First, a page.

Confabulous: Content Strategy Basics

 

Last week, we went to Minneapolis to attend Confab, the first ever conference dedicated for people who do what we do. It was fabulous. Make that confabulous. Really, we can’t say enough good things about the event: There was a broad range of speakers who addressed interesting topics; the generally lovable nature of everyone we met; and the exhilarating sense that comes from feeling like you are part of a community that cares deeply about doing great work — plus some delicious cake and an excuse to consume large amounts of bourbon while making nerdy puns with new friends. For a professional event, it just doesn’t get any better. Here are some people that we met and recommend following on Twitter:

We brought back inspiration and knowledge that will make our work better. YAY! We thought we’d share some of the highlights with you, since many of our colleagues and client friends are working on similar projects, facing similar issues. Plus, we want to pay forward all the good will we soaked up in Minnesota.

First rule of content strategy club

“Content strategy is to copywriting what information architecture is to design.”
@rlovinger

Content and content strategy drive the format and not the other way around! This rings true with us. Clients ask for deliverables, but what they really want are results. They often make statements like “we need to add a video” or “we need an app” or “we should be tweeting.” This drives strategists crazy because we should be starting with the goals and asking the question, “what do we want to achieve?” The next step is to identify what content is relevant and valuable to the target audience and then figure out what format is best for communicating that.

Practical advice

When you’re working with lots of content owners, don’t force the content providers to fully use the CMS right from the start. Focus on getting them to provide content. Over time, assess how competent they’ll be at using the CMS and teach them, gradually, according to each person’s capabilities.

Here are some useful tips for in-house web managers who have to gather a lot of content from various departments/groups within an organization:

  • Make a check list. Or give them form to fill out as a guide for how to write content.
  • Provide guidance. Give them simple tips for writing; e.g., active voice, no all caps, no bold. Put the tips online and bookmark them in the writer’s browser for them.
  • Provide structure and cultivate accountability. Put check-ins on their calendar and check in often—rather than leaving them alone until the “deadline.”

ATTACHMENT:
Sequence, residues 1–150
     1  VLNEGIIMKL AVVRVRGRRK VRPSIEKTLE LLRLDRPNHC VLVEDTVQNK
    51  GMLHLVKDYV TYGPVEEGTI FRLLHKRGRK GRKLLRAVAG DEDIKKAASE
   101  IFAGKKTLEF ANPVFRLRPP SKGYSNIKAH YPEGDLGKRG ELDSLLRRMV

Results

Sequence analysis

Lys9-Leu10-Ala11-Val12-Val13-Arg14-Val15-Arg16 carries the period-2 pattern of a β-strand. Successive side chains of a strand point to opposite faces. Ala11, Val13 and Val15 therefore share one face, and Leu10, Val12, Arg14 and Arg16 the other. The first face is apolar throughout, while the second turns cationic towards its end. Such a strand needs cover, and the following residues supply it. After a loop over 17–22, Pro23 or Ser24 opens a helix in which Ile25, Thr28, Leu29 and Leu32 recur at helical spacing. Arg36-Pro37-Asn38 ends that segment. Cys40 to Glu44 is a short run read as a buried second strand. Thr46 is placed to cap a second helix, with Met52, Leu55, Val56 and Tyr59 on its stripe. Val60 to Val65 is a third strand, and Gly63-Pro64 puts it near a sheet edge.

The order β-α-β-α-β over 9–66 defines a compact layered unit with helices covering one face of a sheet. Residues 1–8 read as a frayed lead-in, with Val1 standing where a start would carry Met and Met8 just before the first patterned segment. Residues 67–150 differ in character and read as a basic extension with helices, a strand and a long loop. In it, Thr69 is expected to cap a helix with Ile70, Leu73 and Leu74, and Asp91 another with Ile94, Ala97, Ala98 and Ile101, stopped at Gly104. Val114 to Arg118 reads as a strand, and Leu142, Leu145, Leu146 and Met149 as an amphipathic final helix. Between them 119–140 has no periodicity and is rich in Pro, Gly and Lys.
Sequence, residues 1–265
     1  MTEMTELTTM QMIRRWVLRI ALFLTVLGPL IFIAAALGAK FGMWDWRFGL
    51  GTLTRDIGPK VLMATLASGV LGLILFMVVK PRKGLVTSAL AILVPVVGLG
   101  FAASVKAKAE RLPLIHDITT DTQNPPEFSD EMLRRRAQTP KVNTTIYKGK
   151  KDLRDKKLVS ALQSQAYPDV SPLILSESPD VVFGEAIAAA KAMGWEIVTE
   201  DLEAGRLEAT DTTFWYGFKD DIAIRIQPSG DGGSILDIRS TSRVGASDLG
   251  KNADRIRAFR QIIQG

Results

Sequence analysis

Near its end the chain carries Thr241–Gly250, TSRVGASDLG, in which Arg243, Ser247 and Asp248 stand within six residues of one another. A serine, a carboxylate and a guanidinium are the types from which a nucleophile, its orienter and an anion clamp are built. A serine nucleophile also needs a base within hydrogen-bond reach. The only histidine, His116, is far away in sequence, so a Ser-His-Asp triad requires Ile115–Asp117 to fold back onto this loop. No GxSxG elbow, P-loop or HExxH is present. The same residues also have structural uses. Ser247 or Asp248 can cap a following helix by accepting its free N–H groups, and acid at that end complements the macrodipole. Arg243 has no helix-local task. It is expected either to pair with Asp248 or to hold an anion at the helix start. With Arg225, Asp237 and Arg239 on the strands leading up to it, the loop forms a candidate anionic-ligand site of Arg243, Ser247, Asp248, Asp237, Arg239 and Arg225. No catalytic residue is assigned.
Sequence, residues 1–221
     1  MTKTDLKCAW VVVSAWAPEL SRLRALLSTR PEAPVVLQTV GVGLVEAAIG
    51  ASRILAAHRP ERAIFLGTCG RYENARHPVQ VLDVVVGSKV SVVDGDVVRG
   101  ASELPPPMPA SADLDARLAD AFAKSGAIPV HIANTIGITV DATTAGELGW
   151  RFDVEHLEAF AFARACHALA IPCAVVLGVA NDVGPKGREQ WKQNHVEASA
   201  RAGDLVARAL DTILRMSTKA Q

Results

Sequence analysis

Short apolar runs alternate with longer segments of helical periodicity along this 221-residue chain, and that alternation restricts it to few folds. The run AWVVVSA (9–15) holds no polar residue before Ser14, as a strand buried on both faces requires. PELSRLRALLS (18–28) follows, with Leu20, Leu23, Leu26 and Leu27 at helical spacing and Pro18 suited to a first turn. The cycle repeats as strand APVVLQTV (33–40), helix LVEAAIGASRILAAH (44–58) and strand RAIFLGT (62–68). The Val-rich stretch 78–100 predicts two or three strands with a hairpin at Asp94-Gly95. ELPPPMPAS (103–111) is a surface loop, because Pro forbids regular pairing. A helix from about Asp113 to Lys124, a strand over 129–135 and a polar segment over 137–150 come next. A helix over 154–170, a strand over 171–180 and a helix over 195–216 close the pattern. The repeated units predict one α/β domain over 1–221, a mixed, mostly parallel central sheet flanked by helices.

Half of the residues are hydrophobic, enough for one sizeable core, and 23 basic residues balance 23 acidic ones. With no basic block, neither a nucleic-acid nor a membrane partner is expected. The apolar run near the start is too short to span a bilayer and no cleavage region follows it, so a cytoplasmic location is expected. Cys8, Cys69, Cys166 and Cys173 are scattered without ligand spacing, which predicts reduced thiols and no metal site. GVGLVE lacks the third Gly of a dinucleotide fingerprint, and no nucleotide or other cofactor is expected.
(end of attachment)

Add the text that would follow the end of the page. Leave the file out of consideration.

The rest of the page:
• Drop tech jargon. All of it.

On writing well

Groupon’s @bcopple pulled the curtain back on one of the company’s most valuable business assets: editorial style. Here are some tips from the people who monetize writing, big time:

  • Use active, creative language. E.g.: “unleashes” instead of “offers”
  • Show don’t tell. Be more specific with descriptions rather than making blanket statements. For example, “You’ll be able to sample vinyasa, anusara and bikram yoga” instead of “You’ll be able to try different kinds of yoga.”
  • Research first. A writer needs to thoroughly understand the content before being able to communicate it in the right way.
  • Demystify the creative process. Groupon has reversed engineered humor—researched joke structures and provides writers with the “anatomy of a review”. They make many decisions up-front for the writers, so that they can save their creative energy for the reviews.
  • Hire young. They like to hire writers right out of school so that they don’t have a set style yet and can train them to do things “the right way.”
  • Take risks. You’ll get some haters, but you’ll also get people that really love you.

2 Comments

Link 27 September 2011 9:58 pm

Tim Anderson says:

Elizabeth and Amanda, great post and great site! The struggle I always have when creating a web site is getting clients to commit to the goal of the site. Normally they want to do everything.

Once you get them to focus, the design and setup become so much easier!

Then you have to create and focus on the content plan.

Subscribed to your RSS feed. Keep up the great work.

Link 3 October 2011 1:55 pm

Amanda Neville says:

Thanks. Totally agree that narrowing the priorities is one of the hardest parts (of any communications project, really).

We engage cleints in the content strategy phase (especially when creating the sitemap and wireframes) to focus the conversation. Do you have any tips to share?

Thanks for reading!

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